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Student Loans

College Ave vs. Ascent Student Loan Comparison

Private student loans are an important funding option for students who have maxed out their federal student loans and other forms of financial aid. But with so many private student loan options, it’s important to shop around to find the right lender.

That’s why we’re comparing lenders head-to-head, so you can see how some of the most popular lenders stack up against one another. In this article, we’ll look at College Ave and Ascent to determine who has the best rates, terms, and eligibility criteria for each type of borrower.

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Rates (APR) 4.44% – 15.99% 4.48%15.63%
Rates (APR) Rates (APR)
4.44% – 15.99% 4.48%15.63%
Loan amounts $1,000 – 100% of certified costs $2,001 – $200,000
Loan amounts Loan amounts
$1,000 – 100% of certified costs $2,001 – $200,000
Repayment terms 5, 8, 10, or 15 years 5, 7, 10, 12, or 15 years
Repayment terms Repayment terms
5, 8, 10, or 15 years 5, 7, 10, 12, or 15 years

Ascent offers three types of loans: cosigned credit-based student loans, non-cosigned credit-based student loans, and non-cosigned outcome-based student loans. Interest rates for cosigned loans are lower than both types of non-cosigned loans.  

College Ave offers undergraduate student loans and almost always requires a cosigner. Both Ascent and College Ave offer a wide range of repayment terms. They also both offer fixed and variable-rate loans.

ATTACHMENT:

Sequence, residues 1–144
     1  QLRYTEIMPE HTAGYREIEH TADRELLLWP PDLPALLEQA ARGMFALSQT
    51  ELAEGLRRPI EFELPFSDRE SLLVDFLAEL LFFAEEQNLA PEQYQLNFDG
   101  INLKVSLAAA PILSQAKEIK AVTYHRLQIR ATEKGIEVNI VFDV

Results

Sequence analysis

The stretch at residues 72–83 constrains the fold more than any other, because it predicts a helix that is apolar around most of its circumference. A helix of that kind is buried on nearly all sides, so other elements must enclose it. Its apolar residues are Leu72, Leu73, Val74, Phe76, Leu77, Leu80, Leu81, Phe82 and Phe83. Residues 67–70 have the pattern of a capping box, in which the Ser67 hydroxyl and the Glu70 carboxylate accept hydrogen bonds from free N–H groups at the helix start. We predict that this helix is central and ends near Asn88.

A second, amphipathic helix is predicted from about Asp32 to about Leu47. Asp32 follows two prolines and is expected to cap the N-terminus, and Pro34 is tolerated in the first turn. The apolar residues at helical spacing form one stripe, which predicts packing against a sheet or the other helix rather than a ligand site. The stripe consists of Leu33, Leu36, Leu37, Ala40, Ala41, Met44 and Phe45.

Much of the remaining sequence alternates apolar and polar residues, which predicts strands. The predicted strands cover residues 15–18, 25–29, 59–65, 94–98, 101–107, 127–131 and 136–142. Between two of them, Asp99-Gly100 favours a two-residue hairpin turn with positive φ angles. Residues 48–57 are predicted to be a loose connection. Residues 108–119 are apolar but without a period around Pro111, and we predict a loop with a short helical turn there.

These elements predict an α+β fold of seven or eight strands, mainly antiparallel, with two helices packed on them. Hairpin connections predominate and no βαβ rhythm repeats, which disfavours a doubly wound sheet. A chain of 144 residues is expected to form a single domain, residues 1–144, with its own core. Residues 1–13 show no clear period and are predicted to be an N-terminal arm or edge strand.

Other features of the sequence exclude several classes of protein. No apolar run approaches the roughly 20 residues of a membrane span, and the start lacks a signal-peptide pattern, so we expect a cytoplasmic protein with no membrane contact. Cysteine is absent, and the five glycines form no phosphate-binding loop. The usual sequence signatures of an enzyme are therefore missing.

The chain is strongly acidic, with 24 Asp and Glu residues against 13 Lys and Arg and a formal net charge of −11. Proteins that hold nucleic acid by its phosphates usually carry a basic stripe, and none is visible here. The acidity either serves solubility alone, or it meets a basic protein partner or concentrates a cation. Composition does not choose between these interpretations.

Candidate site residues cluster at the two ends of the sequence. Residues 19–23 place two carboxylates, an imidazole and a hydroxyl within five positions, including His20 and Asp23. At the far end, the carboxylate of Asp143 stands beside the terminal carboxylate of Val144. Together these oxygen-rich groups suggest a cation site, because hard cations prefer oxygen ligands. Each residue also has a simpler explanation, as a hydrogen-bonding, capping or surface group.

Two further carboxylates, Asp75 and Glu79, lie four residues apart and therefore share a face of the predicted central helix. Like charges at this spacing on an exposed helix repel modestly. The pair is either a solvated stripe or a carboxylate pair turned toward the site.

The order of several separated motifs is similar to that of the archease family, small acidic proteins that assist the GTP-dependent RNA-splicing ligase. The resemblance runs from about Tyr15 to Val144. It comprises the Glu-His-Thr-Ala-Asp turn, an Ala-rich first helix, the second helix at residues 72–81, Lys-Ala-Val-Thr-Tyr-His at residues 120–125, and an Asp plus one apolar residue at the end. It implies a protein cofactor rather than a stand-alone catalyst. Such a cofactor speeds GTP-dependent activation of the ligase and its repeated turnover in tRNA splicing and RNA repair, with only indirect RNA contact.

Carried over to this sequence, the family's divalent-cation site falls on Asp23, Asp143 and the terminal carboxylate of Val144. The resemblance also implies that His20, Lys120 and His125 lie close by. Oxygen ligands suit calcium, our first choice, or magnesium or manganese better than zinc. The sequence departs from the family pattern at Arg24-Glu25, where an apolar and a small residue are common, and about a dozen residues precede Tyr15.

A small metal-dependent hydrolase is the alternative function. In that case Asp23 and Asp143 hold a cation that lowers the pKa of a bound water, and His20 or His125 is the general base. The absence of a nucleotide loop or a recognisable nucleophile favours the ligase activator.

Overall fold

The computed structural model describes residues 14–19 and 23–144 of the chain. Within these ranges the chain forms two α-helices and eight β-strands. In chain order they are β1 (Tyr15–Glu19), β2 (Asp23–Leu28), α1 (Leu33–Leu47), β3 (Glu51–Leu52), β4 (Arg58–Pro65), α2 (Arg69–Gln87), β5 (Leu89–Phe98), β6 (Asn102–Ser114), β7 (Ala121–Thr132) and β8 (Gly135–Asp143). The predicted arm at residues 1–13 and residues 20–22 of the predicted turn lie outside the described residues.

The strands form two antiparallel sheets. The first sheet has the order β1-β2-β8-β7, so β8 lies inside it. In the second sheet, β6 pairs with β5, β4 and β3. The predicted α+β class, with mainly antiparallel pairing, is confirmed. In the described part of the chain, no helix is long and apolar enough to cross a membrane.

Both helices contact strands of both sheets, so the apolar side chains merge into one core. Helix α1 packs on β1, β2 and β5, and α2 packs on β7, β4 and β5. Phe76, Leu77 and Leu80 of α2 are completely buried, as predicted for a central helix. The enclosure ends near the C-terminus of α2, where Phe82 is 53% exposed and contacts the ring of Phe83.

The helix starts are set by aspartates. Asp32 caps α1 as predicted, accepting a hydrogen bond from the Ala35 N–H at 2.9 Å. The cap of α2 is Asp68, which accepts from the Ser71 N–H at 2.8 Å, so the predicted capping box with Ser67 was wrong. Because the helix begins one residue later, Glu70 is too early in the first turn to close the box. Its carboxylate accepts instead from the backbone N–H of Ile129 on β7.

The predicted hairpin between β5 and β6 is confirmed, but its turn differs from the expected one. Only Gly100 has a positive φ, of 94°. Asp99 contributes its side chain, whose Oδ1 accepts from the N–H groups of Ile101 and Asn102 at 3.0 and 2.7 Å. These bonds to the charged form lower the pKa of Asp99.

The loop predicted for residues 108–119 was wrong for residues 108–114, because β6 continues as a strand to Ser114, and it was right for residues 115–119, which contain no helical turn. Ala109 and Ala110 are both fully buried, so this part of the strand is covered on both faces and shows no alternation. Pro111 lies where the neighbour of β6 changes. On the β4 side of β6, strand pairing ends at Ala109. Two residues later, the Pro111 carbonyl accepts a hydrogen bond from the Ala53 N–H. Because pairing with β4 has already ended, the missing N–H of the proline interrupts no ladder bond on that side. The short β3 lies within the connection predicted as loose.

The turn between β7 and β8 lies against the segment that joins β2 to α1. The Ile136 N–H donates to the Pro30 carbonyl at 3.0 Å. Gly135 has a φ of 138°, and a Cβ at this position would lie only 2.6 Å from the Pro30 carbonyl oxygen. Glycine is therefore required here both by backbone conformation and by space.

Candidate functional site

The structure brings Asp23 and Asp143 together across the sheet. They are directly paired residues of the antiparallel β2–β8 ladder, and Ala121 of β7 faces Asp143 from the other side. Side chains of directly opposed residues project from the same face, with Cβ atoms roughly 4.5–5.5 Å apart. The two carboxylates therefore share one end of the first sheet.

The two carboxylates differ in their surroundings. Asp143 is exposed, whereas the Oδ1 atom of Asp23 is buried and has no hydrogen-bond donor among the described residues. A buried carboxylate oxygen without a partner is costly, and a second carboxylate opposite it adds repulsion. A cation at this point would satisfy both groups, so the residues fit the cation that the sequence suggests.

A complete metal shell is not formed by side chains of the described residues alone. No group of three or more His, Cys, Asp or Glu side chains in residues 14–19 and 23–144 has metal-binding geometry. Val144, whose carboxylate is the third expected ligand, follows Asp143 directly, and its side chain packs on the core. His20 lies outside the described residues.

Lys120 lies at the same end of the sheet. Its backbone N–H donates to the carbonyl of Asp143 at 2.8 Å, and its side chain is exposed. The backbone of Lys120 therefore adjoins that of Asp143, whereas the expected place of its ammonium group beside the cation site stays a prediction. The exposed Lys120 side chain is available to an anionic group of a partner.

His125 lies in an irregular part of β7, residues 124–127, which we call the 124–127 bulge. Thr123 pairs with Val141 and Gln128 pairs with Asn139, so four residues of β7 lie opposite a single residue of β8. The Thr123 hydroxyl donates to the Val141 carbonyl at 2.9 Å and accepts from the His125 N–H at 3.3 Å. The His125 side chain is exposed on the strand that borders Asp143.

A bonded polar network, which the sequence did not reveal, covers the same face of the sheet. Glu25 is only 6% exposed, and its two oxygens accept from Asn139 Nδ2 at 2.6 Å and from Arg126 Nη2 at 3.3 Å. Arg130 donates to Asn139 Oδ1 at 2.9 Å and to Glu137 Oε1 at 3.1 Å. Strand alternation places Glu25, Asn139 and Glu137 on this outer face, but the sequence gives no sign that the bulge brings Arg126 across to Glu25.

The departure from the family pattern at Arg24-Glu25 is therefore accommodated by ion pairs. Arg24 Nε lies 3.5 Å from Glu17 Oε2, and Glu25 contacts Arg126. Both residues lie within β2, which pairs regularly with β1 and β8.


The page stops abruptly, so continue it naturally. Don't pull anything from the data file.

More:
Does College Ave or Ascent have better customer reviews and ratings?

When taking out a student loan, most people compare lenders by looking at their interest rates, repayment terms, and other features. But many fail to consider the customer service experience.

LenderTrustpilot Rating
College Ave4.4/5 (1,089 reviews)

Is a student loan from College Ave or Ascent more accessible?

When you apply for a student loan, there are several criteria you must meet to be approved. The two most important factors are income and credit score. Your income shows your ability to repay the loan, and your credit score shows whether or not you have a history of paying back loans on time and in full.

Since most eligibility requirements are too difficult for a student to qualify for on their own, most need to add a cosigner to their loan. However, Ascent is one of a few companies that does not require students to have a cosigner.

EligibilityCollege AveAscent
Credit scoreMid 600s540
IncomeNot disclosedAt least $24,000
AttendanceNo minimum enrollmentAt least part-time

Scenarios in which College Ave or Ascent is better than the other

Choosing a private student lender can be a complicated decision, with so many factors to consider beyond interest rates and repayment terms. Read below to see specific situations where one lender is better than the other:  

If you’re a DACA student: Ascent

DACA students find it much harder to qualify for both federal and private student loans, but Ascent offers private loans for DACA recipients. If the DACA recipient has a good credit score, they may qualify for a student loan on their own.